Following the World Health Organization’s recommendation of exclusive breastfeeding to six months of age does not impact the growth of rural Gambian infants
2016-12-16T14:39:55Z (GMT) by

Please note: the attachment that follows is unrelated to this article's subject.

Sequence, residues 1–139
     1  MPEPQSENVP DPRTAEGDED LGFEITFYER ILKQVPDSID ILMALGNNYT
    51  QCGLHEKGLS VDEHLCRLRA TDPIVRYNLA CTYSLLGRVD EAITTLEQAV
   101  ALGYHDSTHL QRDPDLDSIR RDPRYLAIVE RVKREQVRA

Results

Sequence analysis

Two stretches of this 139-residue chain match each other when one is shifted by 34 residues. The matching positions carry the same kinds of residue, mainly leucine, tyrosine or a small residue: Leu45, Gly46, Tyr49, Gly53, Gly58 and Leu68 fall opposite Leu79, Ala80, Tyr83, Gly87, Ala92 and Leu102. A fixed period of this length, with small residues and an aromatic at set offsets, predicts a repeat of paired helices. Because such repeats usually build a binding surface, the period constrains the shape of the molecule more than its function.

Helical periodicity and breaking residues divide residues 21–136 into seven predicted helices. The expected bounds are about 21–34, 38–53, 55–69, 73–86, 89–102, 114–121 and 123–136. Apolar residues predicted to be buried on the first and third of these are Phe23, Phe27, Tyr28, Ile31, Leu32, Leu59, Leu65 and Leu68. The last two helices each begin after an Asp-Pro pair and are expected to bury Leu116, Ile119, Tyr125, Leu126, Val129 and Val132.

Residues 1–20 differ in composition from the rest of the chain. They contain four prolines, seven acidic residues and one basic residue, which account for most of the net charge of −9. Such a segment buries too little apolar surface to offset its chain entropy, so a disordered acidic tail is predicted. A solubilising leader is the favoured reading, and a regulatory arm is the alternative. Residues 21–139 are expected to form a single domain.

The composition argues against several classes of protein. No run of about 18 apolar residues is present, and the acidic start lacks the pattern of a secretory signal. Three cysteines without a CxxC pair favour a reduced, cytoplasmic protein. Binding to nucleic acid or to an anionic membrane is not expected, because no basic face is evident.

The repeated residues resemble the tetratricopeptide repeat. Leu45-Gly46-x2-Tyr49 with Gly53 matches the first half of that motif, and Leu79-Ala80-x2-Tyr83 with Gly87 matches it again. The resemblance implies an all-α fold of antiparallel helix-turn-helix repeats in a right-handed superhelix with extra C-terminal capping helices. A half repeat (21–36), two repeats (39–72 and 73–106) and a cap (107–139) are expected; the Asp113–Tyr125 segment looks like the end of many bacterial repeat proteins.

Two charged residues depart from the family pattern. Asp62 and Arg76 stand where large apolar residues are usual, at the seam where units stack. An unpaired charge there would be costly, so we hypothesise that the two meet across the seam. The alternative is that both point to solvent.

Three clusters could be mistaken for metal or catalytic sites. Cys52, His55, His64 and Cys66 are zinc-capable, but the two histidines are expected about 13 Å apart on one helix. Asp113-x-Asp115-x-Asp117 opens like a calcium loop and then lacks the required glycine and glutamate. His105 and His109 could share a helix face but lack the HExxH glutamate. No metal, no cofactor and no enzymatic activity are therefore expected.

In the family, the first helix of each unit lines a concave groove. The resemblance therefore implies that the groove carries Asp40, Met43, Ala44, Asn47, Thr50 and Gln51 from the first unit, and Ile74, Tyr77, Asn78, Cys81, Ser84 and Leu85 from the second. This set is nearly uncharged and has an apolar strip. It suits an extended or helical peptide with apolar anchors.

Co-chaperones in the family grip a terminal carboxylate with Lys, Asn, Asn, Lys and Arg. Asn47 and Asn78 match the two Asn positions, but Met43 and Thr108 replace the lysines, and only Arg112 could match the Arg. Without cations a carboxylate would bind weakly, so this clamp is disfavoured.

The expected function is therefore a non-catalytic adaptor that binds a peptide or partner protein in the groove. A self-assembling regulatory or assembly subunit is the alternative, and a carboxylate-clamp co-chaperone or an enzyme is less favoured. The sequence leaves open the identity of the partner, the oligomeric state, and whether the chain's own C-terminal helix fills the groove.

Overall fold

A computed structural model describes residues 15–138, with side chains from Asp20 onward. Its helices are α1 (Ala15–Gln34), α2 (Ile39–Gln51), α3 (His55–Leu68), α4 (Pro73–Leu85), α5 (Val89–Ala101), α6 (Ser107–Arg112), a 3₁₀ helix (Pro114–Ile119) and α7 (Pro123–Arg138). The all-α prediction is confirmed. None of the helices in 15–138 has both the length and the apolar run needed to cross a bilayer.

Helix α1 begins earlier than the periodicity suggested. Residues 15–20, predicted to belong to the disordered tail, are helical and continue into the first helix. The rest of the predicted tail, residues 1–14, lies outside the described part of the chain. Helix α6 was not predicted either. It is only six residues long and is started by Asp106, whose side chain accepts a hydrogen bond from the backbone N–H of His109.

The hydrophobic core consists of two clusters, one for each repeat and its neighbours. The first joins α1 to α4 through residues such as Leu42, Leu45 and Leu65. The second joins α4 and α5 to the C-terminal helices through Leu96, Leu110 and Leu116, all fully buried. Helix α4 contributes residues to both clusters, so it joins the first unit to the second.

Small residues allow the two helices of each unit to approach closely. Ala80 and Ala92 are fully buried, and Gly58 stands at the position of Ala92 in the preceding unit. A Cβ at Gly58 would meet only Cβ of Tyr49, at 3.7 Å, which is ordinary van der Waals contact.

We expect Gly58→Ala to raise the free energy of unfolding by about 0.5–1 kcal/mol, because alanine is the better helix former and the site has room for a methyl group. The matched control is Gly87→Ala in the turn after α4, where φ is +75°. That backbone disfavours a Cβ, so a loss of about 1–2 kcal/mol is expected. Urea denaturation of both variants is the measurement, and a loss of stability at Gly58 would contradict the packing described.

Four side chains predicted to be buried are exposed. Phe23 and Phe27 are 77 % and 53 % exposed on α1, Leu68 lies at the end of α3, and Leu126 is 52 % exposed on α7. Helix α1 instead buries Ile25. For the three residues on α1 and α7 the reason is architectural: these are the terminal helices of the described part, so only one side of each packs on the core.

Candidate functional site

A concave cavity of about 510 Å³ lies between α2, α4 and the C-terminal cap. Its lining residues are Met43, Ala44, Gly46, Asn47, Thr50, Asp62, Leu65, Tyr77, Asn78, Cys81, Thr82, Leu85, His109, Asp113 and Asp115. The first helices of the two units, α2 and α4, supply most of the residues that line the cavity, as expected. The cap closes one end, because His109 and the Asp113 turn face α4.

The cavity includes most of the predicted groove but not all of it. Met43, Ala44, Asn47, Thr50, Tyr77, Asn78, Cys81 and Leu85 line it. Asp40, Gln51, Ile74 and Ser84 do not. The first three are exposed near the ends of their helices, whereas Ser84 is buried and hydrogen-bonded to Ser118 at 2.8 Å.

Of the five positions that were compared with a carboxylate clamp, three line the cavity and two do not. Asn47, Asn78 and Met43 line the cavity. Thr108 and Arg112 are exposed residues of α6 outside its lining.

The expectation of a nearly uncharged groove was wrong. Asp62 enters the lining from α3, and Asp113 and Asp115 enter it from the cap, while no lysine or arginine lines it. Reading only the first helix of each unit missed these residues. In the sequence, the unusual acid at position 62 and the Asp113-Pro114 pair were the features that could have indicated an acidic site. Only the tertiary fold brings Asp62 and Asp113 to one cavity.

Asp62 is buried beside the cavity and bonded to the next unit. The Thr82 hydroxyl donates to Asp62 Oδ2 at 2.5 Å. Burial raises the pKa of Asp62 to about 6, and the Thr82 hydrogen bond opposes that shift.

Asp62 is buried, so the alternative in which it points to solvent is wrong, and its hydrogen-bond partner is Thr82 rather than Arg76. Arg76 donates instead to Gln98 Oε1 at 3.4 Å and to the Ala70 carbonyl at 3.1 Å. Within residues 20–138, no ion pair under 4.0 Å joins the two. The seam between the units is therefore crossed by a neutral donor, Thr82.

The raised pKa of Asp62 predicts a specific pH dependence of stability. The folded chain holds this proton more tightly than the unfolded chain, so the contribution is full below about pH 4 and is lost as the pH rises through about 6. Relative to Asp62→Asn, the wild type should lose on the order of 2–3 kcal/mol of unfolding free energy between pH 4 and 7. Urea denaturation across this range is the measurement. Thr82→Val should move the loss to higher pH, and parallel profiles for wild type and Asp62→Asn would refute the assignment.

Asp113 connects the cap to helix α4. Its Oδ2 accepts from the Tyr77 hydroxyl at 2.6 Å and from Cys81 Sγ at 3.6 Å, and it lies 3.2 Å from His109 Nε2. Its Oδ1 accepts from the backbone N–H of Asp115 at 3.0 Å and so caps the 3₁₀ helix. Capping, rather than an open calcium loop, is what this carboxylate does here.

Background: The World Health Organization (WHO) recommends exclusive breastfeeding (EBF) for the first six months of life. Objective: The objective of this study is to assess the benefit to growth of EBF to six months in a large sample of rural Gambian infants at high risk of undernutrition. Methods: Infants with growth monitoring from birth to two years of age (n=756) from the Early Nutrition and Immune Development (ENID) trial (clinical trial registry ISRCTN49285450) were categorised as exclusively breastfed if only breastmilk and no other liquids or foods were given. EBF status was entered into confounder-adjusted multilevel models to test associations with growth trajectories using more than 11,000 weight-for-age (WAZ), length-for-age (LAZ) and weight-for-length (WLZ) observations. Results: Thirty-two percent of infants were exclusively breastfed to six months. Mean age of discontinuation of EBF was 5.2 months, and growth faltering started around 3.5 months of age. Some evidence for a difference in WAZ and WHZ was found between infants who were exclusively breastfed to six months (EBF-6) and those who were not (nEBF-6), at six and 12 months of age, with EBF-6 children having a higher mean z-score. The difference in z-scores between the two groups were however small in magnitude (at six months of age: +0.147 WAZ; 95%CI: -0.001, 0.293, +0.189 WHZ; 95%CI: 0.038, 0.341). No evidence for a difference between EBF-6 and nEBF-6 infants was observed for LAZ at any time-point (6, 12 and 24 months of age). It was further found that a higher mean WLZ at three months of age was associated with a subsequent higher mean age at discontinuation of EBF, implying reverse causality in this setting (coefficient 0.060, 95%CI: 0.008, 0.120). Conclusion: This study suggest that exclusive breastfeeding to six months has limited benefit to the growth of rural Gambian infants.